The Passage of Virtue

“Well met, brother,” a dull, blue-eyed man says as he squats down by the fire, a drink in his hand, “What have we learnt?”

Barbarians are screaming around them. Somewhere a woman is climaxing loudly, and the fire is chasing its sparks up into the twinkling cosmos, ever-watching and eternal.

A strikingly-handsome, green-eyed man turns to the speaker and grins.

“Nothing,” he spits into the flames, “They are a bestial species, caring only for their immediate impulses. Hunger, lust, greed, anger… These are the foundations upon which they live, and they are unstable. I see no future here.”

The blue-eyed man pauses, takes a long sip and nods.

“Yes, I’ve seen those qualities too but they are loud and get a disproportionate amount of exposure. There is complex beauty there. Forget love, we both know that its little more than chemicals for reproduction and survival. No, there is an existential craving for a purpose. I see it deep inside all of them. Each one of these animals wants to know why and what to do next?”

The green-eyed man snorts, finishes his drink and nods.

“Fine, I’ll back your motion. Give them a couple more centuries. Who knows, it’s a young species and I like spending time with their female gender.”

The fire crackles and the woman finishes loudly.

Suddenly, there are just barbarians around a fire with its sparks rising up into the dark, infinite cosmos looming above. The blue and green-eyed men are gone.


“Well met, brother,” a dull, blue-eyed man says as he sits down by the bar, “What have we learnt?”

The handsome, green-eyed man nods at him and motions at the barman for a drink for both of them.

“They make something called whiskey around here,” the barman fills up both of the men’s glasses, “It summarizes my answer.”

The blue-eyed man takes a sip and contemplates it. Drunken Scots begin shouting angrily at each other on the other side of the bar. He opens his mouth to reply but the green-eyed man cuts him off.

“It is silk but wrapped in fire. It is bottled happiness but it costs the ruin of so many. It is hope but it only offers despair,” he downs his whiskey in a single sip, “I love it and hate it all at the same time. Such base emotions inspired by such a base species.”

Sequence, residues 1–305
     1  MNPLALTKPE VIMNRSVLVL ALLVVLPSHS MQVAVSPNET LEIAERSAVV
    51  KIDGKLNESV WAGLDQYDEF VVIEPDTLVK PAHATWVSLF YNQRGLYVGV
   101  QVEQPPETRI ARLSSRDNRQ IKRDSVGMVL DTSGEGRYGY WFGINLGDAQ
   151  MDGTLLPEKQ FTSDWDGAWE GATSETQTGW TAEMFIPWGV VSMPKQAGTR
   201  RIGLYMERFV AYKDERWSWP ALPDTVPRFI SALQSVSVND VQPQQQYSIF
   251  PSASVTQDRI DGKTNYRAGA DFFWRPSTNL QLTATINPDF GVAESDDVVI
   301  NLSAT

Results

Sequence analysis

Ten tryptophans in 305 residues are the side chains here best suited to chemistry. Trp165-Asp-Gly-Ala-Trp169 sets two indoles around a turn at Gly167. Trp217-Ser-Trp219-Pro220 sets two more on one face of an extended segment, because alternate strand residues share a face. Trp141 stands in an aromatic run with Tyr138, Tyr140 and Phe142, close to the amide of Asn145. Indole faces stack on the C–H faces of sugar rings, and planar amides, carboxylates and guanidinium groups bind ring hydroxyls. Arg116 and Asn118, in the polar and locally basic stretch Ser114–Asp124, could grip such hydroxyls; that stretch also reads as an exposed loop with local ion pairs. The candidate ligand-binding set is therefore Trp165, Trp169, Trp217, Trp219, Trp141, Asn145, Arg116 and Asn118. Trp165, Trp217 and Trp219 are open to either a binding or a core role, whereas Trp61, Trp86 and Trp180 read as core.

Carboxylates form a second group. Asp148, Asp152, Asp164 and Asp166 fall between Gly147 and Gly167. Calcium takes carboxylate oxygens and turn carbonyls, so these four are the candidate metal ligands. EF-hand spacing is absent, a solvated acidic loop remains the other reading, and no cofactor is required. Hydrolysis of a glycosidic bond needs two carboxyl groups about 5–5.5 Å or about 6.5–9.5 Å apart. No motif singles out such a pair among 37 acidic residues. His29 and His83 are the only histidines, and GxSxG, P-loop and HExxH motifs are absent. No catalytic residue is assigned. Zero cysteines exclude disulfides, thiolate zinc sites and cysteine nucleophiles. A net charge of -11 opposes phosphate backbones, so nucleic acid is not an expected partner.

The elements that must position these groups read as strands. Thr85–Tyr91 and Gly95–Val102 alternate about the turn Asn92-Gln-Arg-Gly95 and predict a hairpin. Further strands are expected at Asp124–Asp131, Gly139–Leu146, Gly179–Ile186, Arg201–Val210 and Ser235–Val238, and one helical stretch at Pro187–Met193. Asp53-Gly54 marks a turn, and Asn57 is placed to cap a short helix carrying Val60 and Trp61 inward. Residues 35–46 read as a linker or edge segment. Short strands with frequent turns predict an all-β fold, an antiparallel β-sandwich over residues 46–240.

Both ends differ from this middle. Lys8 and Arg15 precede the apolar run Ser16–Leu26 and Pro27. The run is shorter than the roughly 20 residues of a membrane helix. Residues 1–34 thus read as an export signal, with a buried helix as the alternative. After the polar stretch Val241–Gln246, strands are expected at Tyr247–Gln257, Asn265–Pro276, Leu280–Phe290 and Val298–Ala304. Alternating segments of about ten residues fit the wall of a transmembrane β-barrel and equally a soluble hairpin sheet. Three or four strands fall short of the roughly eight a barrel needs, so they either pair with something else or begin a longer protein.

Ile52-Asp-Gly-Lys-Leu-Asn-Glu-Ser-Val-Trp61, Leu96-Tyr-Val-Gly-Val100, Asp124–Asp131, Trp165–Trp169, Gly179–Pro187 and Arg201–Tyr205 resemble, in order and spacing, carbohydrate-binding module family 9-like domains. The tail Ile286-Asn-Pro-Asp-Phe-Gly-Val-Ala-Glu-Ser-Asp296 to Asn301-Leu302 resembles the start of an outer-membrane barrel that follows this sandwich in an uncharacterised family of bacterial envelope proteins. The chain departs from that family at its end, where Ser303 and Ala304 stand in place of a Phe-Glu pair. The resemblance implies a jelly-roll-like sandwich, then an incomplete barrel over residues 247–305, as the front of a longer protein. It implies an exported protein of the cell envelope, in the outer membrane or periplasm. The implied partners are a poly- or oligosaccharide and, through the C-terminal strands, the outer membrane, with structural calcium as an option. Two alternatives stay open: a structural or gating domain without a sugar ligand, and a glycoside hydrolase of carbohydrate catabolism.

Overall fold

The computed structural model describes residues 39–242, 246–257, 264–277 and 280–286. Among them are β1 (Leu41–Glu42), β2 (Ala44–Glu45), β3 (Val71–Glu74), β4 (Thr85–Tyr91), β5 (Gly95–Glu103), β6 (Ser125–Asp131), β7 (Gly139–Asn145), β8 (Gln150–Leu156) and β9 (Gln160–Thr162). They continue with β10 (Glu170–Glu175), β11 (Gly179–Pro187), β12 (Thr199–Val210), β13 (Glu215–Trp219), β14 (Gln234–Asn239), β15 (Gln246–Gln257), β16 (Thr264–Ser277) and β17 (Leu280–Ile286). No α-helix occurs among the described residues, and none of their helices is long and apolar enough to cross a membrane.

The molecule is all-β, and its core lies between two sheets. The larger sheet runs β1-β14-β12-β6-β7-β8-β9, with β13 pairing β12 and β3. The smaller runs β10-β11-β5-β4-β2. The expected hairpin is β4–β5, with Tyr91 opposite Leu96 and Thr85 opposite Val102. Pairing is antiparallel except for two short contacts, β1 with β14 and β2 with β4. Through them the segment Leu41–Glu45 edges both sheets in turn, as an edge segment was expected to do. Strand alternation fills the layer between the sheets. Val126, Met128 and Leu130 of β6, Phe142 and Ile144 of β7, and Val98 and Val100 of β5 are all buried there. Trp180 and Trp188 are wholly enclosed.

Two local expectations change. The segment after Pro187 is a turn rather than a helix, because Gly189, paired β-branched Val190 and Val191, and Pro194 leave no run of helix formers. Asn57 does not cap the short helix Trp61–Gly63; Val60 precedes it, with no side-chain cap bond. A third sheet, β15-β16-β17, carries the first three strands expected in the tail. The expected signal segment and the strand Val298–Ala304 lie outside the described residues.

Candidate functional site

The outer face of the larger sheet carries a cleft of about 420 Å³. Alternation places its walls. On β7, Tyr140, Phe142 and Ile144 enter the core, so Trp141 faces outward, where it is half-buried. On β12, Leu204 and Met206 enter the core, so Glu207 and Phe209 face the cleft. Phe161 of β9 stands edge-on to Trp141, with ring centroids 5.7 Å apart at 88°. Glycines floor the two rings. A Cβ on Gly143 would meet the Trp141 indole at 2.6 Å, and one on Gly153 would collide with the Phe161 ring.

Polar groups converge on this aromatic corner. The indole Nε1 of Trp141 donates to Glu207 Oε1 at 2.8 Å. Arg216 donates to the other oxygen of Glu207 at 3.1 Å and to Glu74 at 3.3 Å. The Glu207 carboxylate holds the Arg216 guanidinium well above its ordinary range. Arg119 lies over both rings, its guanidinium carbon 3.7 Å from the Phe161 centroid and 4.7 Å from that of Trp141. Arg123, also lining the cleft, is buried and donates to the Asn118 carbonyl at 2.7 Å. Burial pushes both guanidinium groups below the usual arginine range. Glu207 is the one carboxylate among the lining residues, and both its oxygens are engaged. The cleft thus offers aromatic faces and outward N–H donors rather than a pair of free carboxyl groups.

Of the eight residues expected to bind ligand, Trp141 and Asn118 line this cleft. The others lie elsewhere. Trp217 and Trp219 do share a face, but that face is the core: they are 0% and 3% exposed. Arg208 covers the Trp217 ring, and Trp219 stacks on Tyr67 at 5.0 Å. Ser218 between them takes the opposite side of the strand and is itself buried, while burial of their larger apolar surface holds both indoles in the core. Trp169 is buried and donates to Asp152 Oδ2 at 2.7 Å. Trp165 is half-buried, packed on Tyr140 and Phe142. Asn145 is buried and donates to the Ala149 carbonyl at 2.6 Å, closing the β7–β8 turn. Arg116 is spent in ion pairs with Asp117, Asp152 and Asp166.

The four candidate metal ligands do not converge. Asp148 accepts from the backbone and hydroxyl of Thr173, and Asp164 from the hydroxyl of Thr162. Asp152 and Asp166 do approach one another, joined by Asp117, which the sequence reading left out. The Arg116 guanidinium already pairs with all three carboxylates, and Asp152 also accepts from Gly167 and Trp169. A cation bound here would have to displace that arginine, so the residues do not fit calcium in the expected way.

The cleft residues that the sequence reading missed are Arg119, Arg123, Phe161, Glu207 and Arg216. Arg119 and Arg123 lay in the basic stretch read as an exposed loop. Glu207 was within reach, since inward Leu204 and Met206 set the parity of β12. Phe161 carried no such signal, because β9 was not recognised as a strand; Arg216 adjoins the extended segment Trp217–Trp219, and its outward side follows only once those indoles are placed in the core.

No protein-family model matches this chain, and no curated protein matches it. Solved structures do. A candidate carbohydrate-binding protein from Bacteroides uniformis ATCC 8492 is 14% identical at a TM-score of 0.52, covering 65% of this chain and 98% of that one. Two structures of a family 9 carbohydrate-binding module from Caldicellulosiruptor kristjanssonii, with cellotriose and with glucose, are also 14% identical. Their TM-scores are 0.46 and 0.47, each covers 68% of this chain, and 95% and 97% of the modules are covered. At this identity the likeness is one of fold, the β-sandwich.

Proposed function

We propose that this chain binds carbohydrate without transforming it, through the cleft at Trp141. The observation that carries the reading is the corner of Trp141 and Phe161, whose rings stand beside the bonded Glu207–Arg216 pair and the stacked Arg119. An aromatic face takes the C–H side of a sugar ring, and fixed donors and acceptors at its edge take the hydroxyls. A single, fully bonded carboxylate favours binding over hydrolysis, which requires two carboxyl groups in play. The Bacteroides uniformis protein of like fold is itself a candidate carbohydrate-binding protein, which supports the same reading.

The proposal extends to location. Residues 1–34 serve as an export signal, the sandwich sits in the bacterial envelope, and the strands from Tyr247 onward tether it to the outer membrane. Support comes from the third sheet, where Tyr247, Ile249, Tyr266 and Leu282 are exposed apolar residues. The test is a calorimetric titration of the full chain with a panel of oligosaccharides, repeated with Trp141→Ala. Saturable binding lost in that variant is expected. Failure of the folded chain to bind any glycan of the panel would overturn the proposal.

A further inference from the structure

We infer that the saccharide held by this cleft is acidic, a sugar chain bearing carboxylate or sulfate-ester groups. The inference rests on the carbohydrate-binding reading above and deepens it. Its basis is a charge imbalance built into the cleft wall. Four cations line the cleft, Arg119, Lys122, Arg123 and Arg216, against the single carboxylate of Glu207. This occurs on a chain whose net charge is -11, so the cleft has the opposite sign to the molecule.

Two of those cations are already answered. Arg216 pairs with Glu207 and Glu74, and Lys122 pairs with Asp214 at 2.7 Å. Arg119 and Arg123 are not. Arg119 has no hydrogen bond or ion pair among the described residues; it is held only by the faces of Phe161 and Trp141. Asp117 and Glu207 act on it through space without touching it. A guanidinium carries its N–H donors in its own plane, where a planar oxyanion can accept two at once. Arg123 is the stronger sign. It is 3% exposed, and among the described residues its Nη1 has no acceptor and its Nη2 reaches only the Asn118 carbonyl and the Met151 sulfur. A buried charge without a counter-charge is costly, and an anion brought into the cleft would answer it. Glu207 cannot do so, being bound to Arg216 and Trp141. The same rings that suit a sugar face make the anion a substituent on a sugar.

The blue-eyed man smiles and downs his drink. His eyes twinkle a little in mischief.

“But, yet, they have discovered freedom, independence and tea. Many of them fight for these things and, though their path to virtue is far from complete, the dark beginnings only serve as a magnification for what they are achieving. And, let’s be clear, brother, they are achieving great things already.”

“Yes,” the green-eyed man chuckled, “But slavery, war and the justification and rationalization of these acts also exists. Yes, they had their revolutions but what about how they treat those weaker than them? Or poorer than them? Yes, they build pyramids and monuments but at what cost to their lives? Thin-skinned dictators rule over so many and disease infests their cities and their media. Freedom, independence and quality tea are far from universal in their factional lands.”

“Everything begins at the beginning. Give them time, brother, give them time. They have not yet failed the Third Test.”

The drunken Scots are now hugging and their friends calling for more rounds for the lots of them. One of them starts singing and others join. Soon the whole bar is a joyful wave of heart-moving harmony and brotherhood.

The green-eyed man glances at them, smiles and nods.

And, suddenly, the bar is filled with drunken Scottish lads. The two men are gone.


“Well met, brother,” a twinkling, blue-eyed man says appearing out of the darkness in the desert night, “What have we learnt?”

The tired, green-eyed man nods at him and glances back at the fire blasting from the starship as it punches up and into the twinkling cosmos, ever-watching and eternal.

“They are stepping off-world, brother. They are actually stepping off-world. This changes everything.”

In the darkness of the desert, on the fringe of civilization, both men stand there in silence. The weight of history weighs heavily on them as each second that passes the starship punches higher into space…

Further from Earth.

Nearer to the future.

“I don’t understand,” the green-eyed man says, sighing, “They still hate, fight and lust. Some still believe in primitive mythologies. Their leaders are mockeries of the very word and they despise vast swathes of their own species for minor differences to their own, microscopic herd. Why… How could they have gotten this far?”

The blue-eyed man smiles and sadly shakes his head. He turns and squeezes his brother’s shoulder.

“You really don’t remember our beginnings, do you, brother? We were once little more than them. All species–indeed, all life–has its own path to virtue. If it cannot adapt to survive, then it dies. If it cannot evolve to rise above the other species, then it dies. And, finally, if it cannot leave its own homeworld, then it dies. Those are the Three Tests. The only tests, really, barring what they face next…”

The green-eyed man nods and shrugs his shoulders.

“Well, I guess we should let father know.”

The blue-eyed man’s face hardens and he nods.

“Yes, we must alert father that there is a new member to our Galactic Council. They will either accept the terms, or we will find out how well their millennia of weaponry technology holds up against our own.”

And then the desert night is empty. Indeed the planet is too. The two men are gone.

By now, the starship is little more than a flicker in the night sky. Like a spark from a fire rising into the twinkling cosmos, ever-watching and eternal…